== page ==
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Learn the phonetic alphabet

Learn the phonetic alphabet
By stretch | Thursday, December 31, 2009 at 3:18 a.m. UTC How often have you been on one end of a telephone conversation that went like this? A: "Okay, give me the MAC address." B: "Zero zero, zero two, six bee--" A: "Six what?" B: "Bee." ...and so on. The phonetic alphabet is a mapping of individual letters and numbers to specially chosen words which are unlikely to be mistaken for one another (for instance, none of the words in the phonetic alphabet rhyme). About the Author Jeremy Stretch is a network engineer living in the Raleigh-Durham, North Carolina area. Comments Dedan (guest) December 31, 2009 at 3:28 a.m. I find this usually identifies the person I am talking to as a veteran. ciscomonkeyDecember 31, 2009 at 3:45 a.m. I do this by habit (former military here). haakon (guest) December 31, 2009 at 3:58 a.m. Using the NATO phonetic alphabet saved me so much frustration when doing first level helpdesk. gabrooksDecember 31, 2009 at 3:58 a.m. alvarezpDecember 31, 2009 at 4:07 a.m.

Related:  Linguistics

Historical linguistics Historical linguistics (also called diachronic linguistics) is the study of language change. It has five main concerns: to describe and account for observed changes in particular languagesto reconstruct the pre-history of languages and determine their relatedness, grouping them into language families (comparative linguistics)to develop general theories about how and why language changesto describe the history of speech communitiesto study the history of words, i.e. etymology. History and development[edit] Modern historical linguistics dates from the late 18th century. It grew out of the earlier discipline of philology, the study of ancient texts and documents dating back to antiquity. List of constructed languages This list of notable constructed languages is in alphabetical order, and divided into auxiliary, engineered, and artistic (including fictional) languages, and their respective subgenres. Auxiliary languages[edit] International auxiliary languages are languages constructed to provide communication among all human beings, or a significant portion, without necessarily replacing native languages. Controlled languages[edit] Controlled languages are natural languages that have in some way been altered to make them simpler, easier to use, or more acceptable in certain circumstances, such as when a person does not speak the original language well.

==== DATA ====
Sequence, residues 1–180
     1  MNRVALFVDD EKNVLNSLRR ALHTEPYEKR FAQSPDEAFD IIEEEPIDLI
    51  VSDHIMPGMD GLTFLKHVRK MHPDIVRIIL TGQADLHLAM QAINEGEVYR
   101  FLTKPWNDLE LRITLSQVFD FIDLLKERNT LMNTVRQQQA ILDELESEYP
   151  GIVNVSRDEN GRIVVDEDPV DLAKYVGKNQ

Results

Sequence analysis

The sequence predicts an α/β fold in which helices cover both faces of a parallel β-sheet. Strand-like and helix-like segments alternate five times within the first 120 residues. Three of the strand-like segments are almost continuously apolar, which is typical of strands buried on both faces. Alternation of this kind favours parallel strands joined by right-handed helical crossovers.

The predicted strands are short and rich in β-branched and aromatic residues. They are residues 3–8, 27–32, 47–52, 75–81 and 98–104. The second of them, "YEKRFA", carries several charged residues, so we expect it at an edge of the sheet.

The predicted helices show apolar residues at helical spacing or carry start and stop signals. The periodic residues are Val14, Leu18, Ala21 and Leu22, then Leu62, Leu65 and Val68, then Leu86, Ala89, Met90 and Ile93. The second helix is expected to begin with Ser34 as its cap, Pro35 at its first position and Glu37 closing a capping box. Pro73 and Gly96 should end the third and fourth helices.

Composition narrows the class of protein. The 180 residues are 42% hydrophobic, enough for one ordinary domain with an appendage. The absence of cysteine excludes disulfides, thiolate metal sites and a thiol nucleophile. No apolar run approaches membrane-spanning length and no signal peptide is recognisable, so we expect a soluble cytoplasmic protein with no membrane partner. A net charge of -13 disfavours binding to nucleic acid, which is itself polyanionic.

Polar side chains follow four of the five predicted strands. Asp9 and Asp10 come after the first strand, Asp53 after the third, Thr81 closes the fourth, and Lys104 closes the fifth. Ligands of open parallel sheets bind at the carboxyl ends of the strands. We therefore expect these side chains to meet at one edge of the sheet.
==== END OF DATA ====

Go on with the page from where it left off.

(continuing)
online graphical dictionary and thesaurus Visuwords™ online graphical dictionary — Look up words to find their meanings and associations with other words and concepts. Produce diagrams reminiscent of a neural net. Learn how words associate. Enter words into the search box to look them up or double-click a node to expand the tree. Click and drag the background to pan around and use the mouse wheel to zoom. Hover over nodes to see the definition and click and drag individual nodes to move them around to help clarify connections. Martha Palmer The original PropBank The original PropBank project, funded by ACE, created a corpus of text annotated with information about basic semantic propositions. Predicate-argument relations were added to the syntactic trees of the Penn Treebank. This resource is now available via LDC. PropBank today This project was continued under NSF funding and DARPA GALE and BOLT. with the aim of creating Parallel PropBanks (the English-Chinese Treebank/PropBank) and also PropBanking other genres, such as Broadcast News, Broadcast Conversation, WebText and Discussion Fora, at the University of Colorado. PropBank is also being mapped to VerbNet and FrameNet as part of SemLink: Mapping together PropBank/VerbNet/FrameNet.

May/June 2010 > Features > Cognitive Scientist Lera Boroditsky Can language shape how we think? A Stanford researcher says yes, and her work speaks volumes about what makes people tick. By Joan O'C. Hamilton Lera Boroditsky's journey to answer one of psychology's most intriguing and fractious questions has been a curious one. She's spent hours showing Spanish-speakers videos of balloons popping, eggs cracking and paper ripping. NomBank We began this project firmly on the shoulders of Catherine Macleod's Nomlex project and related work on support verbs. This turned out to be a big boost as about one half of the argument-taking nouns in the corpus are nominalizations or nouns that have nominalization-like properties (e.g., "aggression" and "agenda" have argument structures similar to the verbs "destroy" and "schedule"). NomBank has forced us to define noun argument structure in great detail, including areas that have little if any previous research. So in many ways, we are carving out new ground. Some sample phenomena that we cover include: support verb constructions ("John MADE A DECISION"); arguments across copulas ("His decision WAS TO LEAVE"); and parenthetical PP constructions ("Trading in Cineplex Odeon Corp. shares was halted on the New York and Toronto stock exchanges late yesterday afternoon AT THE COMPANY'S REQUEST"). People:

mental_floss Blog » Debunking Grammar Myths This week we're joined by a special guest blogger. Patricia T. O'Conner, a former editor at The New York Times Book Review, is the author of the national best-seller Woe Is I: The Grammarphobe's Guide to Better English in Plain English, as well as other books about language. She is a regular monthly guest on public radio station WNYC in New York. Learn more at her website, Proteus Project: NOMLEX Proteus Project Department of Computer Science New York University Catherine Macleod, Ralph Grishman, Adam Meyers, Leslie Barrett and Ruth Reeves Overview